2.6.3 Comments and conclusion Eclipse Flux Midway through our thesis, our supervisor emailed the Eclipse Foundation about our work, and they responded saying they were working on something similar called Eclipse Flux.

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Figure 2.17: Eclipse Flux's editor

Eclipse Flux utilizes the Orion Editor (which we mentioned in section 2.6.2), and is connected to Eclipse via WebSockets (which we mentioned as an alternative in section 2.3.1). This allows for real-time collaboration between eclipse and a web-view of the same eclipse project (you can see the project path in the browser address bar). Unfortunately, flux appears to be dying. There has only been 35 commits in the past six months (see Figure 2.18).

Figure 2.18: Eclipse flux activity diagram10

Conclusion None of the current educational systems or editors support multiple classes, error checking or code completion, but most support syntax highlighting. While researching online editors, we also found websites claiming to be complete online IDE’s (cloud9, Koding, etc.). They all supported multiple classes and syntax highlighting, but neither of them supported error checking or code completion. Most of them used one of the three editors described in section 2.6.2.

10

Source: https://github.com/spring-projects/flight627/graphs/commit-activity

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3 - Re-engineering system processes This chapter contains a description of the processes required to publish, solve and approve assignments in the old system and their new counterparts. These new processes act as constraints for the editor described in chapter 4. All the processes will be described textually, but the process for solving assignments will also be analyzed with GOMS and modeled with BPMN notation. We will misuse the BPMN syntax slightly, and have each swim lane represent either a physical or virtual environment. We will only analyze and model the assignment solving process because it is the process that has the biggest impact on student efficiency, and it is also the only process which utilizes our editor.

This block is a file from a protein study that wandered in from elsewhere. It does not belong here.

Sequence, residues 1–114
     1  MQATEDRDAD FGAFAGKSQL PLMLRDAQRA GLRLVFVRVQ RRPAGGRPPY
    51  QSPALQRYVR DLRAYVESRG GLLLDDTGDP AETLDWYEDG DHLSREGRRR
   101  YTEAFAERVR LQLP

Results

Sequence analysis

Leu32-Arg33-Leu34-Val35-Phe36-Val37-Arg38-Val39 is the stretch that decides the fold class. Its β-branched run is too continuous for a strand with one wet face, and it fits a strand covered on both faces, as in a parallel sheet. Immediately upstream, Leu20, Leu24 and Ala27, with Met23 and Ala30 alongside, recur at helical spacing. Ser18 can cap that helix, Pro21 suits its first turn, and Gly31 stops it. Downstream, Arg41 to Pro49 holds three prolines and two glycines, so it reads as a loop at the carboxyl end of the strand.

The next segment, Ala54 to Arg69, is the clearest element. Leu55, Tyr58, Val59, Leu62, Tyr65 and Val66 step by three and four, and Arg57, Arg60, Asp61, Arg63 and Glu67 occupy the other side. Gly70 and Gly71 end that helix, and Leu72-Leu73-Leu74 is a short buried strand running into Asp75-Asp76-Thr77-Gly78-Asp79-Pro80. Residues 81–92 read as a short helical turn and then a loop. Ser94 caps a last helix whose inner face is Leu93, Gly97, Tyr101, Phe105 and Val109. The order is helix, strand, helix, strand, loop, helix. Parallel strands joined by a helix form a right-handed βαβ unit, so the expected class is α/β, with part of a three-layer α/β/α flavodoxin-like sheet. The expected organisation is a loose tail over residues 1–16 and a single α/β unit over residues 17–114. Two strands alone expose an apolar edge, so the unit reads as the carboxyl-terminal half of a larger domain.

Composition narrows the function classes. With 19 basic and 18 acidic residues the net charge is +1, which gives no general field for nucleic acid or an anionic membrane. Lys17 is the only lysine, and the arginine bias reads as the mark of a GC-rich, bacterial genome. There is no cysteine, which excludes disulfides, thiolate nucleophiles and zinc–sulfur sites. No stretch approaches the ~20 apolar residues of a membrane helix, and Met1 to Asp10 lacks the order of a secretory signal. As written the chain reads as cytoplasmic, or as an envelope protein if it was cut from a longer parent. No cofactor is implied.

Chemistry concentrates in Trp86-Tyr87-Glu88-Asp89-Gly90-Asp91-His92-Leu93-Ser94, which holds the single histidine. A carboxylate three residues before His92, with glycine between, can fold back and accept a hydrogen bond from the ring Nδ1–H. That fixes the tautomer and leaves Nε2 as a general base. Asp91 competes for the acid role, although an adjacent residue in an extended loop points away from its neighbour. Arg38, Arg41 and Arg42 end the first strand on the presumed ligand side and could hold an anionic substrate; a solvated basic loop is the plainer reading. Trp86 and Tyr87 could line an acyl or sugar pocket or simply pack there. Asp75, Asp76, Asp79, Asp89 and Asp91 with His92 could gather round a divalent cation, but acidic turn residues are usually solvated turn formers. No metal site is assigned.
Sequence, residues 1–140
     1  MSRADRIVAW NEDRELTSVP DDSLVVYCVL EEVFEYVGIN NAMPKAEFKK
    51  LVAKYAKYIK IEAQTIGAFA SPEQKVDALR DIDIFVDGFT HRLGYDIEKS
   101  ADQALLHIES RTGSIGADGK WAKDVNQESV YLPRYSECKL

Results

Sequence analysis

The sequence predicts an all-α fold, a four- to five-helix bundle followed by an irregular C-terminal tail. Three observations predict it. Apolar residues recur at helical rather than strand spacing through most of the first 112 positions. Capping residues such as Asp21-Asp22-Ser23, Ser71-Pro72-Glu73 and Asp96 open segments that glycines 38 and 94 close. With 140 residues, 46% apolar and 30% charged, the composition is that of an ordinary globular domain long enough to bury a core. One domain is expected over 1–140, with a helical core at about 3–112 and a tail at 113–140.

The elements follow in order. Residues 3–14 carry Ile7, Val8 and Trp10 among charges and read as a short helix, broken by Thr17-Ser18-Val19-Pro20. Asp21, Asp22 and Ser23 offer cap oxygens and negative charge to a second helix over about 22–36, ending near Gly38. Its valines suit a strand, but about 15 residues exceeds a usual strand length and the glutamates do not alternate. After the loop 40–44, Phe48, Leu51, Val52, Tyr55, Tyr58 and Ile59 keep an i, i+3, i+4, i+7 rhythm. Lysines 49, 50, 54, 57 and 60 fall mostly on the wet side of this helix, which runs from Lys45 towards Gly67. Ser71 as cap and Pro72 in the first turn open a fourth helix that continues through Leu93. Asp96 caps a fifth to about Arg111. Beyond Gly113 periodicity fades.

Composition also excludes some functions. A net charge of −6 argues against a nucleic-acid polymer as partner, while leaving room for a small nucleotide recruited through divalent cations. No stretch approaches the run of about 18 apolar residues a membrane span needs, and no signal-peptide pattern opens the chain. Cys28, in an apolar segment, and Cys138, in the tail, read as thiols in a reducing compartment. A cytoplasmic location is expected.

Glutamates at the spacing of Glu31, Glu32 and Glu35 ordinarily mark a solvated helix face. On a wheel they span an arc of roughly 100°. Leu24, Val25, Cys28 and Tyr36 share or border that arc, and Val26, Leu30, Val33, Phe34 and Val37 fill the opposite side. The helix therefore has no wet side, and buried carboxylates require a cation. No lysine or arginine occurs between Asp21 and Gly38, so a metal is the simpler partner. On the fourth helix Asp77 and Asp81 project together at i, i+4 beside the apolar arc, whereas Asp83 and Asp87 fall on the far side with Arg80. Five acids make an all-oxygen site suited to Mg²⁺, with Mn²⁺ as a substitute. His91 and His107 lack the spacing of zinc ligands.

3.1 The current system processes The current assignment system in TDT4100 has three main groups of actors: the students, the teaching assistants (TAs), and the course instructor. The assignment system consists of ten assignments, and each assignment has one or more problems that the students have to solve.

3.1.1 Publishing an assignment To publish an assignment in the system, the course instructor starts by creating different problem pages on the course wiki. He does this by writing problem descriptions, uploading test code, and giving each problem a score. When all the problems are done, he collects the various wiki links (URLs) for the problems that make up the assignment and publishes them as an assignment to the “It’s Learning” platform. This assignment is a text block with links, and it is up to the student to figure out how it is all connected.

3.1.2 Solving an assignment First time setup To configure a computer for Java-development, there are a number of things one has to do. Experienced programmers might think this is trivial, but to a first year student, who has very little experience with development, the task might seem daunting. First the student has to download the correct version of JDK from the Java website. Then he has to install it and set the system environment variables (PATH). Then he has to download the (correct) IDE-version, and, maybe, configure it, depending on which IDE he chose. The process is different for each of the three major platforms (OS X, Windows, Linux), and a lot of time at the beginning of the semester is spent getting everything up and running.

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BPMN model The model (Figure 3.1) shows the process for first time setup, and all the different tasks the student has to deal with throughout the process. Each swim lane represents an environment. The tasks are broken down into smaller steps in the next section.

Figure 3.1: Solve assignment setup (current, BMPN)